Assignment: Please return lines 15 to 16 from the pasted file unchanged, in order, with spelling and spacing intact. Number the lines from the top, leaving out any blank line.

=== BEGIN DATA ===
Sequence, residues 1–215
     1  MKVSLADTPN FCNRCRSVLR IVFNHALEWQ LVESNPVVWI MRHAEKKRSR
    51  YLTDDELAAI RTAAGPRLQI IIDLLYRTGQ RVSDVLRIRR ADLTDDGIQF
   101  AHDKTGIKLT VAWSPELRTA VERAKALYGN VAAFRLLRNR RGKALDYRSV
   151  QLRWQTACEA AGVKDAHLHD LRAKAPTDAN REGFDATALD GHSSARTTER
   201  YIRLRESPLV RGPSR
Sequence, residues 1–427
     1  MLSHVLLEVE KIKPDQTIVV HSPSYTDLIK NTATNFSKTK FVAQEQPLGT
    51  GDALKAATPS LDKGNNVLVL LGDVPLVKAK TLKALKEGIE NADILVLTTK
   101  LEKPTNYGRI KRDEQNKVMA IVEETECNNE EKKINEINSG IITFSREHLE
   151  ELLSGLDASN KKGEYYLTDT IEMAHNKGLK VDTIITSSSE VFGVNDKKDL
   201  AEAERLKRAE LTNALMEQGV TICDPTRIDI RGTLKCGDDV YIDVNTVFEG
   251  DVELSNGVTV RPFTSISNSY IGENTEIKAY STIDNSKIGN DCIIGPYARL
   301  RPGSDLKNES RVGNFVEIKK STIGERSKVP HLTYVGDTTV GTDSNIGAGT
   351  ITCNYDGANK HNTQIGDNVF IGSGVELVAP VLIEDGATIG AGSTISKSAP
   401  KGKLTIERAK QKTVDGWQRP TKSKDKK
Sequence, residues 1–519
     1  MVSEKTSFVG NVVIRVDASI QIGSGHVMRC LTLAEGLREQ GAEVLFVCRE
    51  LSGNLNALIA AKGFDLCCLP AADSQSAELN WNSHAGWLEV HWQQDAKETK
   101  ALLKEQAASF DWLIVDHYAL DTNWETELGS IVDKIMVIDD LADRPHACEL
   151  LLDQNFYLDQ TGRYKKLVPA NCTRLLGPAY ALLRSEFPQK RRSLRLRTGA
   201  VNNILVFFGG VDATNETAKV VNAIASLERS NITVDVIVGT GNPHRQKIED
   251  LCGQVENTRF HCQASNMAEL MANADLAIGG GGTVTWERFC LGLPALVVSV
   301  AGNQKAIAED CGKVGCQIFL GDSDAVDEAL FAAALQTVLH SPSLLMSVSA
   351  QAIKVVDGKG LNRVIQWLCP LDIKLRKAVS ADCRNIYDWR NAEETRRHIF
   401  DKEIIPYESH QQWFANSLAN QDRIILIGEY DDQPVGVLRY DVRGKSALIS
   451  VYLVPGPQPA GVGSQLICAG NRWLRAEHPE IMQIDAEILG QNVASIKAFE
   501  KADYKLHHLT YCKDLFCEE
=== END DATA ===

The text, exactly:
   351  ITCNYDGANK HNTQIGDNVF IGSGVELVAP VLIEDGATIG AGSTISKSAP
   401  KGKLTIERAK QKTVDGWQRP TKSKDKK